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What Is A Keyword? – Definition, Importance, And More

Definition Keyword

Today we will see everything related to keywords, from their definition to their characteristics when optimizing our website, one of the most critical SEO positioning factors to take into account.

First of all, we must know that when we speak of a keyword, we mean a word or identifier with a particular meaning for a programming language. Or what is the same? It is a word or a short phrase that describes the theme of a web page.

When, for example, someone searches Google for “cheap women’s perfumes,” Google tries to discern what the user is looking for to return a SERP of web pages that deal with the subject in question.

If your website includes in its content the exact phrase that the user searched for as a keyword or at least related phrases such as “women’s perfumes,” Google is much more likely to show the user your website among their search results.

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Why are keywords important?

In a word: ROI. Knowing how to choose the keyword structures that best suit your website and learning how to use them correctly for SEO is undoubtedly the easiest and most effective way to attract more users to your website.

As we well know, search engine optimization (SEO) is crucial for the success of our business, and it is the keywords that play the leading role.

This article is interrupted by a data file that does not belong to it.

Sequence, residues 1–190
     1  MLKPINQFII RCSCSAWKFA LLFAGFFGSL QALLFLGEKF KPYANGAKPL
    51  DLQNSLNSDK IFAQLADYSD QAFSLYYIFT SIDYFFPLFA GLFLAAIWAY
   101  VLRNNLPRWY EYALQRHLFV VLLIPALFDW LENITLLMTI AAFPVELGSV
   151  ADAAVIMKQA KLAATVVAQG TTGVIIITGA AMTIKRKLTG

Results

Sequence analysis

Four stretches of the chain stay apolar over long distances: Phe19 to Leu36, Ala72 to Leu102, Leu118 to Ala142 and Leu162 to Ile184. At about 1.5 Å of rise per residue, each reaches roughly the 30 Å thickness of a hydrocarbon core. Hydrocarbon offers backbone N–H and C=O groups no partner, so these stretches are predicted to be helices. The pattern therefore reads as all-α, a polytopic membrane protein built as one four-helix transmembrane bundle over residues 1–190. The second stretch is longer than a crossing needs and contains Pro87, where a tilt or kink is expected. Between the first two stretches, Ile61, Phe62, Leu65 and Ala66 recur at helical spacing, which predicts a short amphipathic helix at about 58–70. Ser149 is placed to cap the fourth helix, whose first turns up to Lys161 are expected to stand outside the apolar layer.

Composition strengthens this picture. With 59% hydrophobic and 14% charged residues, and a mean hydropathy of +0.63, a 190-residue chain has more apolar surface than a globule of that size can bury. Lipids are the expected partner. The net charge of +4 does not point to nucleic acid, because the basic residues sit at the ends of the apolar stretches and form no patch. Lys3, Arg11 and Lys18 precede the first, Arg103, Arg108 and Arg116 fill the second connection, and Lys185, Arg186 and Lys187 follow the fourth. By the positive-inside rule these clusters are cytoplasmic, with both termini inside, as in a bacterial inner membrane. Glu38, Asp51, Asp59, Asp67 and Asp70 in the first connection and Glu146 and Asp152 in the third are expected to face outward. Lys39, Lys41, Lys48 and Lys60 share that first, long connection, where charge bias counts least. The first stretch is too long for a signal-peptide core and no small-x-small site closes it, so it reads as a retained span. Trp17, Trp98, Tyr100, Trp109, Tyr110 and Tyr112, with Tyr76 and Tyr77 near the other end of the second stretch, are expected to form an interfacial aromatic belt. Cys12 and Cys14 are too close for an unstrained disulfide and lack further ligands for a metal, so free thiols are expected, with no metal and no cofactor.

Several paths can lead users to your website. Some examples are external links on other websites, publications on social networks, or direct traffic.

However, when we talk about online purchases, we must know that it is searches that generate the most traffic (38.98%), surpassing direct traffic (35.88%), external links (19.34%), and income through social networks (3.91%).

What is Organic Search?

When we talk about organic search, we must know that it refers to the results that the Google algorithm selects to meet the reader’s needs. Organic search represents 94.95% of all search traffic and 35.21% of total internet traffic.

That means only 1.97% of total traffic comes from users who click pay-per-click (PPC) ads, even though ads often take up all the content in the top half of the SERPs.

And is that keyword targeting is not only more effective than PPC ads, but it is also more profitable.

Optimizing keyword targeting

Another essential fact to keep in mind is that 91.5% of search traffic goes to web pages on the first page of search engine results (SERP). Among them, 61.5% of the clicks are for the first three results, with the first classified taking around 32.5% of the clicks.